Jimmy and the Lump of Coal
Once upon a time, a little boy named Jimmy told many lies. One Christmas, little Jimmy, who had been bad all year, received in his Christmas stocking only a lump of coal and no other present. This upset Jimmy so much that then and there he vowed to hate coal forever and to hate anybody who mined or sold or burned coal.
When Jimmy grew up, he discovered that telling lies did not get him into trouble but instead made many people want to shake his hand and give him dinner and hand him lots of money. Jimmy was very happy to be rich and famous and invited to lovely dinners all the time, but he was still angry that he had once received a filthy lump of coal instead of a nice present.
Jimmy soon learned that other people liked him even more when he told them how coal was bad and would make the world very unpleasant. Soon, Jimmy had convinced the king and queen and lots of other important people that coal was so bad that it ought to be banned.
“Coal is so bad that it makes the seas flood the land, and the weather get really hot or really cold, and it will kill all of us very soon,” he shouted.
The people clapped and cheered when Jimmy said such things.
“Coal is so bad that it makes puppies and kittens and cuddly polar bears sick, and all food taste horrid. Burning coal causes hurricanes, tornadoes, earthquakes, heart disease, cancer, all sorts of aches and bad breath! Stop using coal and people won’t get sick! If you don’t stop using coal, you will all burn to death or be frozen solid in next to no time,” he yelled.
People applauded Jimmy, and shouted that the king should ban coal. The king said that he’d start by putting a big tax on coal, which would make it too dear to buy, and by passing a law which said burning coal was wrong.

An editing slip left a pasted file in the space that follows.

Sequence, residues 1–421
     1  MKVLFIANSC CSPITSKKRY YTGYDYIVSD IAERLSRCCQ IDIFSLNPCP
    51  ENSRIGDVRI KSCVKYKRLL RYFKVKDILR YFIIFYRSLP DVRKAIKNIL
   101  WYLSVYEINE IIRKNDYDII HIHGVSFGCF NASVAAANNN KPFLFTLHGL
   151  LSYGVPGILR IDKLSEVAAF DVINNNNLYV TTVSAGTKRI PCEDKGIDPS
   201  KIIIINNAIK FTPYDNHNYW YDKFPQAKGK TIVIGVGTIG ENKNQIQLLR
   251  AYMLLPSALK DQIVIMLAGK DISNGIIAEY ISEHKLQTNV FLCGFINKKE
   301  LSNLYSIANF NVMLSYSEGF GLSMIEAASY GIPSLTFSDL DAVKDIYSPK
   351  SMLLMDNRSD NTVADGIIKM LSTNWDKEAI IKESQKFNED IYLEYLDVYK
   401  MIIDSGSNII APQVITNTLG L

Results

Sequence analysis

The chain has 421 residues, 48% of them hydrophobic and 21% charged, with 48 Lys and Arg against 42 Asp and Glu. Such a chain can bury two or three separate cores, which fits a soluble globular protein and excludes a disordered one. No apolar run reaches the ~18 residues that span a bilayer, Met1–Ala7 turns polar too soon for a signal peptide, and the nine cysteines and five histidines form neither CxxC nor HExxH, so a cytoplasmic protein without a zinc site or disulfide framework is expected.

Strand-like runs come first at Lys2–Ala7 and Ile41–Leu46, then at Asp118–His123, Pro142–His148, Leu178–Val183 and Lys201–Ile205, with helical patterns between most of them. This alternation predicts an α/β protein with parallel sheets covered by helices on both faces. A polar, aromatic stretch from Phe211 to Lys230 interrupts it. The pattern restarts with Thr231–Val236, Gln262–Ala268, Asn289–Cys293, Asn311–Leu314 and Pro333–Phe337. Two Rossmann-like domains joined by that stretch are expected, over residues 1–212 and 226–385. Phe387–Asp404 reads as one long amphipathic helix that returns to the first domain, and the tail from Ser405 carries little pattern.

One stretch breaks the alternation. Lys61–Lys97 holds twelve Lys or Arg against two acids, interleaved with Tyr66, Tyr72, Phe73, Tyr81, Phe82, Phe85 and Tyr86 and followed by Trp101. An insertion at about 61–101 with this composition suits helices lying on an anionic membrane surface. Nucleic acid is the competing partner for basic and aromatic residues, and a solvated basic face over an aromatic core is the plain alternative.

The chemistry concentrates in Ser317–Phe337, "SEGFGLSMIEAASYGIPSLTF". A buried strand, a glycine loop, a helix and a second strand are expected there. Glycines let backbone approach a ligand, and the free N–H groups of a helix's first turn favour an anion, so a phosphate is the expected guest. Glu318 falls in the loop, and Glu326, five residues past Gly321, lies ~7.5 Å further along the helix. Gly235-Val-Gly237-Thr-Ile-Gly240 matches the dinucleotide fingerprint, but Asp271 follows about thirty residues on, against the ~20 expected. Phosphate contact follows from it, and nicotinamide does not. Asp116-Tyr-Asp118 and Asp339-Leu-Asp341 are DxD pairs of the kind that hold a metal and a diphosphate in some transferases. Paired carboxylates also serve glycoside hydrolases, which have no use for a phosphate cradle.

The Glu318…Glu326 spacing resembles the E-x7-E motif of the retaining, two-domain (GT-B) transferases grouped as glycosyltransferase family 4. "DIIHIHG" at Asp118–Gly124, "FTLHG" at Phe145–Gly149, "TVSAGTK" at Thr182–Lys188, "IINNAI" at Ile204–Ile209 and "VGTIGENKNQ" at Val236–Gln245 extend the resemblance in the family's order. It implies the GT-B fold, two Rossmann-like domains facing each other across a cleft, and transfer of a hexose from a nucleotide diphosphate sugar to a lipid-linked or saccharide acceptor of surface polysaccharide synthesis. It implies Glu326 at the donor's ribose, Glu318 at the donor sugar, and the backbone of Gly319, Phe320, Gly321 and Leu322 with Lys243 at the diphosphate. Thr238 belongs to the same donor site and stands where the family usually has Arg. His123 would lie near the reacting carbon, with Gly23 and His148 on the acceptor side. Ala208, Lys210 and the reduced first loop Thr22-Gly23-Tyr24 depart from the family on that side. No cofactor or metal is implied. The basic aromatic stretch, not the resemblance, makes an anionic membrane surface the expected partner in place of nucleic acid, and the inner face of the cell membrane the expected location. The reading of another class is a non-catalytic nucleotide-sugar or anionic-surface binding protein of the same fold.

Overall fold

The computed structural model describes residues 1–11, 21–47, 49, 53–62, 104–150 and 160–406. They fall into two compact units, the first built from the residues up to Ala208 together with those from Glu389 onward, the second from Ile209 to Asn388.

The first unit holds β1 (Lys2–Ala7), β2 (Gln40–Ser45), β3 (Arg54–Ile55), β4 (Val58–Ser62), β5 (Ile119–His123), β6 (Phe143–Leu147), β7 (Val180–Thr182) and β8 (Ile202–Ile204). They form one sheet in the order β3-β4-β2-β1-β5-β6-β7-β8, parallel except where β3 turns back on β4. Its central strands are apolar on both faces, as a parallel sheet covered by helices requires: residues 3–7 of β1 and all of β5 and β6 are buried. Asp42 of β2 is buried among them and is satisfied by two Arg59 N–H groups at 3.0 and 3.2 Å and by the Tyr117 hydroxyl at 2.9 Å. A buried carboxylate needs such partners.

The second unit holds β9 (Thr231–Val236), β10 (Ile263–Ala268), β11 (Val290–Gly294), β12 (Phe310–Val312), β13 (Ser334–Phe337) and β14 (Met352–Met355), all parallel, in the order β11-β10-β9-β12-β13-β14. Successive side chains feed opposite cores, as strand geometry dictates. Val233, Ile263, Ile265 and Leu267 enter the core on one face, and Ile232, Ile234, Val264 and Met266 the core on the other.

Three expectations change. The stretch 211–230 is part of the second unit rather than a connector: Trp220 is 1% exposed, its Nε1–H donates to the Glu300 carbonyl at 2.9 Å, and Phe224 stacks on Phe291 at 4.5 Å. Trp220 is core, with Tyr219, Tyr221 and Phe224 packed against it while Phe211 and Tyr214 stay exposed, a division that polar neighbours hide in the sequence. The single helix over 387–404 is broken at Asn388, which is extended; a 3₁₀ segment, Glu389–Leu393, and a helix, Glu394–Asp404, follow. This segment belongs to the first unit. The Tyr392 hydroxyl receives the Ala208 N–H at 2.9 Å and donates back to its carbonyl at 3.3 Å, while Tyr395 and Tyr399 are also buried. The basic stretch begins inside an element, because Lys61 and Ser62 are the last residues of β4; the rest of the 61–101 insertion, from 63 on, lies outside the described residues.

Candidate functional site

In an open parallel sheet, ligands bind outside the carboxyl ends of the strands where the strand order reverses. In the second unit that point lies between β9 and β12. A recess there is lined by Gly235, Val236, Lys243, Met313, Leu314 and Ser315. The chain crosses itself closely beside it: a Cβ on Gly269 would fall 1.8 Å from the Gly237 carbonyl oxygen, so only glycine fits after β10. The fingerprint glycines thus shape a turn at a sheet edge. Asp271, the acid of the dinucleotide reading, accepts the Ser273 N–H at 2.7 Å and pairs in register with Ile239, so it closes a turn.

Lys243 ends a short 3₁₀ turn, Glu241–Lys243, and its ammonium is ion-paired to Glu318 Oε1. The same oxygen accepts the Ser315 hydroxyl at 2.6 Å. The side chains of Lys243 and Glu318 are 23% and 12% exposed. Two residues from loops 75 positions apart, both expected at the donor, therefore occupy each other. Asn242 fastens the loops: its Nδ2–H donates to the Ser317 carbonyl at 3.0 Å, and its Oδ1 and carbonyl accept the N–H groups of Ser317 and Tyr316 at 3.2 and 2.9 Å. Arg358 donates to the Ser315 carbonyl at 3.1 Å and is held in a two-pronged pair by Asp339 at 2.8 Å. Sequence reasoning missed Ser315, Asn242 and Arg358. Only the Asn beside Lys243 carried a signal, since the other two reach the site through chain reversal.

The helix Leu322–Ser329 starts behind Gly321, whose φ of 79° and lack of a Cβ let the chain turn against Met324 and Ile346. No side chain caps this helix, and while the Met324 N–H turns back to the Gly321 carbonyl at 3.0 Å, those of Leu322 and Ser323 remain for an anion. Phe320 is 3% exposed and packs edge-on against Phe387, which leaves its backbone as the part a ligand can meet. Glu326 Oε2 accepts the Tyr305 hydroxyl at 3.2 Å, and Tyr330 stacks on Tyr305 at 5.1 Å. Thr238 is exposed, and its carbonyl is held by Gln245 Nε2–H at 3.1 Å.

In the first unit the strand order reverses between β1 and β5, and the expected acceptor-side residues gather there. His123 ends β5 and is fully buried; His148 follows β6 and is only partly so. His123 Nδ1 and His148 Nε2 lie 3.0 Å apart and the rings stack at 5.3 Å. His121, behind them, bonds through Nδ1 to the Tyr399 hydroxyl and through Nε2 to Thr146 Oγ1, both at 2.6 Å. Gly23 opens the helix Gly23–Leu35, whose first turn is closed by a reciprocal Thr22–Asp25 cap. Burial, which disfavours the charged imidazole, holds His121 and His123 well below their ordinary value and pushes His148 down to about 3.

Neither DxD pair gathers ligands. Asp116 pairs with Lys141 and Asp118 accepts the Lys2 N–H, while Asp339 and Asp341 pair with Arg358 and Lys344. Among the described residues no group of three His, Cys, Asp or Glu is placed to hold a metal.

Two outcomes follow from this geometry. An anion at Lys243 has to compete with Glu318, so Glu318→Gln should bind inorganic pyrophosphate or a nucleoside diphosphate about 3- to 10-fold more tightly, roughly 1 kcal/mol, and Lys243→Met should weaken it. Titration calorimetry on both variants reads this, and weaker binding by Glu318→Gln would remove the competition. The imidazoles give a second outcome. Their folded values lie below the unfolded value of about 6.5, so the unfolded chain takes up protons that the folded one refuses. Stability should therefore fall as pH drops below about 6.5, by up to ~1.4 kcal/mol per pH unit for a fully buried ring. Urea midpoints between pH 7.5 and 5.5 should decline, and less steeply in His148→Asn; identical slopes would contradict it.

Nearly everyone believed Jimmy because he was a friend of the king and queen, and everybody who had ever received a lump of coal for being too naughty, or thought that coal was smelly or dirty, agreed that coal was bad.
Not everyone agreed with Jimmy, though. Some miners, for instance, who dug coal out of the ground for a living, were angry with Jimmy because they would lose their jobs and have no money to buy food and nice things. Blacksmiths too were unhappy because without coal they could not make tools and horse-shoes out of iron. Some wise men said that Jimmy was wrong because there was no proof that coal could make the weather change.
After many years, the king and queen and other important people realised that the seas were not flooding the land at all, and the weather was not really getting worse, and all the other things that Jimmy said would happen had not happened, so they decided that perhaps coal was not so bad after all, and they felt very sorry that lots of miners and blacksmiths and their families had starved to death when they lost their jobs.
“It’s not our fault, though,” they said. “Jimmy told us that coal was bad and we believed him. In a way, we are just as much victims as the miners and blacksmiths, because now we feel quite silly.”
Jimmy did not live happily ever after. He choked to death on some of his own words. After Jimmy died, the doctors found a lump of coal where his heart should have been.